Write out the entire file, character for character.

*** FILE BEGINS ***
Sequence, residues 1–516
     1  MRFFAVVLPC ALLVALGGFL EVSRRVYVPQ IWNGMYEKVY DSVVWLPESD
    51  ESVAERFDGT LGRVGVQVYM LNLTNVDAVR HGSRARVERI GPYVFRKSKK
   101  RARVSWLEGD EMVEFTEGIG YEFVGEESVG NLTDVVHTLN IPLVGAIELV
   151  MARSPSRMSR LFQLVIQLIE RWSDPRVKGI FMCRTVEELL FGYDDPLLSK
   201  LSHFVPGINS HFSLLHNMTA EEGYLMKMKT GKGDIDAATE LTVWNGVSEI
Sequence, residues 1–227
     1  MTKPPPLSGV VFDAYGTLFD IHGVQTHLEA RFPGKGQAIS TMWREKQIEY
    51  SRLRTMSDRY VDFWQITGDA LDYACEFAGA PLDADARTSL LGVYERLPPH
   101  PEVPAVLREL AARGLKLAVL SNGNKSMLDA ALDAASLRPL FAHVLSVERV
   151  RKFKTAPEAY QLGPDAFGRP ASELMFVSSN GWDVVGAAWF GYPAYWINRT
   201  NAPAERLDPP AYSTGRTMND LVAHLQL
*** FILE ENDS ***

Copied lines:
Sequence, residues 1–516
     1  MRFFAVVLPC ALLVALGGFL EVSRRVYVPQ IWNGMYEKVY DSVVWLPESD
    51  ESVAERFDGT LGRVGVQVYM LNLTNVDAVR HGSRARVERI GPYVFRKSKK
   101  RARVSWLEGD EMVEFTEGIG YEFVGEESVG NLTDVVHTLN IPLVGAIELV
   151  MARSPSRMSR LFQLVIQLIE RWSDPRVKGI FMCRTVEELL FGYDDPLLSK
   201  LSHFVPGINS HFSLLHNMTA EEGYLMKMKT GKGDIDAATE LTVWNGVSEI
Sequence, residues 1–227
     1  MTKPPPLSGV VFDAYGTLFD IHGVQTHLEA RFPGKGQAIS TMWREKQIEY
    51  SRLRTMSDRY VDFWQITGDA LDYACEFAGA PLDADARTSL LGVYERLPPH
   101  PEVPAVLREL AARGLKLAVL SNGNKSMLDA ALDAASLRPL FAHVLSVERV
   151  RKFKTAPEAY QLGPDAFGRP ASELMFVSSN GWDVVGAAWF GYPAYWINRT
   201  NAPAERLDPP AYSTGRTMND LVAHLQL